OTTAWA — When 14 former NDP candidates and officials in New Brunswick defected to the Greens on Tuesday, they acted out a switch the Green party hopes more left-leaning voters will make in the upcoming election campaign.
At stake, according to some observers, is the mantle of the left-of-centre, environmentalist alternative to the Liberals, and potentially the balance of power after the October vote.
The competition has been exacerbated by a slide for the NDP in the polls from a peak near the high teens for much of 2017 and 2018, to around 13 per cent today, recent polls suggest. Green support, meanwhile, surged from around 6 per cent at the beginning of the year to about 11 per cent in recent weeks — with strong regional support in Atlantic Canada, B.C. and Quebec.
The NDP had fewer than 200 candidates nominated across the country as of Tuesday. In New Brunswick on the day all those former loyalists walked, the number was zero. The Greens are nearing the 300-mark for candidates nationwide.
On this foundation a narrative has grown that the traditional party of progressivism has already lost a battle with the Liberals and Conservatives to be considered a “main party,” according to Karl Belanger, a former national director of the NDP.
“The problem going into this election is that nobody thinks the NDP is actually contending for power,” Belanger said.
“They are thrown in the same league as the Green party.”
Perhaps the biggest sign of the strength of that idea was NDP Leader Jagmeet Singh’s recent announcement he would not support a Conservative minority government because of leader Andrew Scheer’s position on same-sex marriage. Singh’s promise was also a sign he might be willing to throw his support behind a Liberal minority instead.
Green Leader Elizabeth May, by contrast, has left the door ajar for co-operation with the Conservatives — though on Monday she said she would not support any party, based on their current climate-change plans.
Belanger’s advice on the Greens: ignore them.
“You have to focus on the main prize,” which is presenting a viable alternative to the Liberals, he said. Better to hit the party defending 177 seats than the small party trying to add to its two-member caucus. Plus, the Greens have an aura of non-partisanship, Belanger said.
“It’s pretty hard to go on the offensive against apple pie.”
In an interview, NDP house leader Peter Julian focused his critiques on the “lobbyist parties” — the Liberals and Conservatives — and said of the Greens: “It’s really good another party is also talking about how to address the climate crisis.”
Julian did say he thinks the Greens were hurt by May’s seeming openness to working with a Conservative minority. But he repeatedly brought the message back to the NDP’s own platform, which he said is the only one that responds to what he described as the twin crises of our time: the environment and economic inequality.
The Greens raised a bit more money than the NDP in the most recent quarter, according to filings with Elections Canada, bringing in nearly $1.44 million compared to the NDP’s haul of just over $1.43 million.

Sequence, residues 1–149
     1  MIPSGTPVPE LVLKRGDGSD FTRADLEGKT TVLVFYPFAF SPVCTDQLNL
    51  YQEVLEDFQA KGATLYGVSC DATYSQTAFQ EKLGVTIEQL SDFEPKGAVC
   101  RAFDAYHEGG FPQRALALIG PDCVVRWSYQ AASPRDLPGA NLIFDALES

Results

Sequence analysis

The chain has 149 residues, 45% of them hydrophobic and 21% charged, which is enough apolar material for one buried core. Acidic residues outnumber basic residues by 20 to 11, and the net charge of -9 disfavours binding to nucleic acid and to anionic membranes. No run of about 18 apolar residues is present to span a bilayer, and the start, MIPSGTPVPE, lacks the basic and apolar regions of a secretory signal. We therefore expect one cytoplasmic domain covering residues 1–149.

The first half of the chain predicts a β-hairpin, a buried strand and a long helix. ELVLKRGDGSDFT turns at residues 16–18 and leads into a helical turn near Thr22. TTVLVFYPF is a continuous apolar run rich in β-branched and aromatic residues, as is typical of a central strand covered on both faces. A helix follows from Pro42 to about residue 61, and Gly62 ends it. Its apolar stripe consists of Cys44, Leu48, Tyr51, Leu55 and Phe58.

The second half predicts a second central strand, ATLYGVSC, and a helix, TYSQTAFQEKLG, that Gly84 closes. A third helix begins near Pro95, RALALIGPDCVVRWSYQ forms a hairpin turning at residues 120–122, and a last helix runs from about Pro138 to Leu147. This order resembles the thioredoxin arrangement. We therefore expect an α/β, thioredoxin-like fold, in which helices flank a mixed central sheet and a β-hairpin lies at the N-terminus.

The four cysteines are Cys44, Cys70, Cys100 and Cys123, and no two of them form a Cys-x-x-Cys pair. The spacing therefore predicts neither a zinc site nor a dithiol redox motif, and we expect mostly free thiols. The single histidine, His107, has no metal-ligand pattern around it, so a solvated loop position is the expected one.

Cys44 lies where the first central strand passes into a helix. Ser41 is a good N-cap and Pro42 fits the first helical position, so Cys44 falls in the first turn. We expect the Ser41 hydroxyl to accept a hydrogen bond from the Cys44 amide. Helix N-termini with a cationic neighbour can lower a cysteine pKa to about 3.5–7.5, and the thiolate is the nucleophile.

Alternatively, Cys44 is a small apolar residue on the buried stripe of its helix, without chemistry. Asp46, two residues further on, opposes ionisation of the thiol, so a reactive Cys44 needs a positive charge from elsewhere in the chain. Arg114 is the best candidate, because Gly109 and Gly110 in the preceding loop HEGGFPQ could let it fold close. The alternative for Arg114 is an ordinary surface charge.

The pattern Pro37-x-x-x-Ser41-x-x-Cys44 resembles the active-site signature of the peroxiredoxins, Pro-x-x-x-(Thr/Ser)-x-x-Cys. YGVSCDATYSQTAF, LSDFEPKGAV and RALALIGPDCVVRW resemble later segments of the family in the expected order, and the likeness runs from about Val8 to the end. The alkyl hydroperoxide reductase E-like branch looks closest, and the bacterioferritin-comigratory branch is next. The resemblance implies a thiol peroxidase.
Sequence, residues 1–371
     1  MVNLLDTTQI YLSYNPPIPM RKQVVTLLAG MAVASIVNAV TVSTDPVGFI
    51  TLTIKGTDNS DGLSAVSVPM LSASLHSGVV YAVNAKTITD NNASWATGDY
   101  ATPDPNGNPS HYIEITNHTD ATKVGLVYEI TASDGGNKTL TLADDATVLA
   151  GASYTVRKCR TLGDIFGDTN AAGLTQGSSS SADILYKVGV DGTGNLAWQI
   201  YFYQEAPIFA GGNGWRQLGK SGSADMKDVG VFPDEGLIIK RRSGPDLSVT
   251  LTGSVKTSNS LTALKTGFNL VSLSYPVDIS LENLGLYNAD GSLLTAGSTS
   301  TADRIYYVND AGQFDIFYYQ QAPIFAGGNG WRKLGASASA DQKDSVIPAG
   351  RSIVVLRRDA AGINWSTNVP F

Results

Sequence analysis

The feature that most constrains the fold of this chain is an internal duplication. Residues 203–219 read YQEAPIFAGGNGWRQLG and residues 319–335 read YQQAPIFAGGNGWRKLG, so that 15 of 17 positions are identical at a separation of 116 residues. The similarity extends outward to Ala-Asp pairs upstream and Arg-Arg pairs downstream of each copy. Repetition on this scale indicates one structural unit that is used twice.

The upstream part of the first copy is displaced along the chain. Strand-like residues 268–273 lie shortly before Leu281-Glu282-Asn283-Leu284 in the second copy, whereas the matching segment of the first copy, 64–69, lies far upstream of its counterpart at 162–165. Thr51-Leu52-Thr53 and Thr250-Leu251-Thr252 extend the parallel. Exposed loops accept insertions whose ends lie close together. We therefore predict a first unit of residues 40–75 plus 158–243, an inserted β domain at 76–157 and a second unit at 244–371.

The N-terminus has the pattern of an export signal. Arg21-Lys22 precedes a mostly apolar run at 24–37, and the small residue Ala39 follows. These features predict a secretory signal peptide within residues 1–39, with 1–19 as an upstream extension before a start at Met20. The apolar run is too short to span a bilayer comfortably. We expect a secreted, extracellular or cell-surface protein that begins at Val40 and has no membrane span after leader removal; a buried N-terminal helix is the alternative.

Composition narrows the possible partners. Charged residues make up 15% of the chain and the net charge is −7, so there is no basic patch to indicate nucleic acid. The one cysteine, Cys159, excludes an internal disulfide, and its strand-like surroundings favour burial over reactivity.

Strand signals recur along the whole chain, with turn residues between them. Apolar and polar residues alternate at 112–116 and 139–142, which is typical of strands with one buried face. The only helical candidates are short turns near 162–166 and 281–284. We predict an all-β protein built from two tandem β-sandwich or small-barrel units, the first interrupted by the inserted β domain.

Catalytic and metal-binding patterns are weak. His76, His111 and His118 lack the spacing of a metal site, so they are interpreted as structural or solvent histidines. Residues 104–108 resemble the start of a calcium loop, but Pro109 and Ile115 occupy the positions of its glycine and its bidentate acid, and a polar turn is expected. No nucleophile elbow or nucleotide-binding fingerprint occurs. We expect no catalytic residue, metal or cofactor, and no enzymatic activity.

But according to an analysis of currently available Elections Canada financial returns conducted by The Canadian Press, there are just a handful of donors (representing about $20,000) who contributed to the NDP in 2017 but who have not done so in 2019 so far, and have instead given to the Greens.
(That analysis only included donors who have contributed $200 or more, with the data for this year drawn from quarterly reports.)
Also, “there is no simple, direct correlation between the NDP vote and the Green vote,” according to Belanger.
One study from June suggested the Greens were drawing support in equal proportion from people who voted for the NDP or Liberals in 2015, and a slightly higher percentage of people who didn’t vote that year said they were now supporting the Greens.
Still, any votes coming from the NDP could have profound effects. Particularly on Vancouver Island, where six of seven seats are held by the NDP, but recent polls have suggested the Greens could make gains in October.
Another high-profile competition between the NDP and Greens has been for candidates.
Several former NDP politicians have run or are already sitting for the Greens: Pierre Nantel, Jean Rousseau and Dennis Drainville in Quebec, and Paul Manly in B.C. And then there’s the mass defection in New Brunswick.
Julian downplayed the importance of these indicators as signals of how his party will fare in the coming election. He argued those factors looked similar before its 2011 breakthrough.
Why the Greens have suddenly captured the interest of Canadians is another question.
“I’m reminded a little bit in this moment when looking at the ‘Green Surge,’ a little bit of Jack Layton’s moment, when the same gregarious fellow who had been saying the same things for many years was suddenly on a tear in the polls,” said Avi Lewis, a journalist and activist who has championed the environmental cause in Canada.
Like Belanger, Lewis framed the issue as more straightforward growth in support for a Green party that has an “ambitious climate plan with significant flaws.”
“I think the dynamic that is most important right now is that we’re seeing three parties make bolder noises on climate than we’ve ever seen before,” he added.
The electoral consequences still matter.
The seats the NDP wins, particularly in Quebec, will be important in determining what climate policy will eventually win out, because “Nobody expects the Green party to suddenly win 100 seats,” Lewis said.
“I think there are many people out there where, if there’s a box on the ballot for ‘Minority government, please’ with Liberals in government and Greens and NDPers holding the balance of power, that might be the most popular option,” Lewis said.
Christian Paas-Lang, The Canadian Press